When we finally reached the archeological site at the Great Pyramid of Cholula we were very late. We were originally supposed to get 1.5 hours at the site, but when we arrived we were told that we only had about 50 minutes to visit. We spent the frenetic hour trying to see as much of the place as we could. The cost for admission to the archeological site is 70 pesos (about $3.75) per person. This includes access to tunnels which extend through the base of the pyramid, the museum, and excavated portions of the outside of the pyramid. We did the tunnels and walked the outside perimeter but skipped the museum. The walk through the tunnels is really fascinating but not something you would want to do if you are prone to claustrophobia as they are both narrow and not very tall. I had to be careful not to hit my head in several places. I estimate we probably walked about 400-500 meters before we emerged on the other side of the pyramid from where we entered. Archeologists have apparently excavated at least 8km of tunnels so far. Inside you can see numerous side branches which are gated off from access. Lower sections of the outside of the pyramid have been partially excavated so you can get an idea just how it was constructed and how massive it truly is. Although it’s only two thirds as tall as the Great Pyramid of Giza, its total volume is nearly double with a base of 400 by 400 meters. However, given that most of it has not been excavated it is not as visually impressive as other archeological sites we had visited, like Palenque and Monte Alban.
As it looks today, most of it would appear to the casual observer to be a hill surmounted by a church. The church is the Iglesia de Nuestra Señora de los Remedios (Church of Our Lady of Remedies), built in 1594. It is a major Catholic pilgrimage destination, and its historic and religious significance is one of the reasons the pyramid has not been fully excavated. Photos of Cholula often feature the bright yellow (Tuscan Gold?) church with nearby volcano Popocatépetl,in the background, usually shot with a telephoto lens to make it appear as if the church is practically at the foot of the volcano (it isn’t). I have to admit that my main reason for wanting to visit Cholula was not to see the pyramid or churches, but to get a good view (and photo) of the volcano that I had seen in so many photos. At 17,802’ it is Mexico’s second tallest peak and the 5th tallest in North America. Unfortunately the weather was cloudy and hazy the afternoon when we were there, so all we could make out was the mostly obscured bottom of the volcano in the distance.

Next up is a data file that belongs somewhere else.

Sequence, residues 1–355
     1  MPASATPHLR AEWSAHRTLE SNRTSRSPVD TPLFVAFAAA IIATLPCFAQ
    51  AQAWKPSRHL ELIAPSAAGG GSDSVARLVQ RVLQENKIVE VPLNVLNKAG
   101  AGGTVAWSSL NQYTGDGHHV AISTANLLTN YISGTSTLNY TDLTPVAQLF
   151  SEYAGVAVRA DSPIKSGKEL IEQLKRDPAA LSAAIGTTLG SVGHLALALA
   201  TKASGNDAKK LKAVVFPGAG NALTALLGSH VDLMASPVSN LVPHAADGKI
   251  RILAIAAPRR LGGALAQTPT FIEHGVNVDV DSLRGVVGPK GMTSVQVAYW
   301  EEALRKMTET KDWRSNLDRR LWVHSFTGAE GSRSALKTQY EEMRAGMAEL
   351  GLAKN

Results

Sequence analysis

We finished rushing through the archeological site with 13 minutes left before we were supposed to meet back at the bus, so we decided to hike up the hill and see if we could get near the church. Ger stopped about halfway up in a nice meadow area and said she’d wait for me there. I made it to the top and spent three or four minutes racing around the outside of the church taking pictures in all directions before heading back down. We were five minutes late to the bus, but most of the others hadn’t returned yet when we arrived.
The trip back into Puebla was much quicker but still the four hour tour ended up taking five and a half hours, even with the shortened visit to the pyramid. It was nice sitting on the top deck of the double decker bus through Puebla as it provided many photo opportunities of the city from an elevated vantage point. We wish we’d spent less time looking at churches and more time at the archeological site, but we still managed to cover a lot of ground in the hour we spent there and weren’t displeased with the tour overall.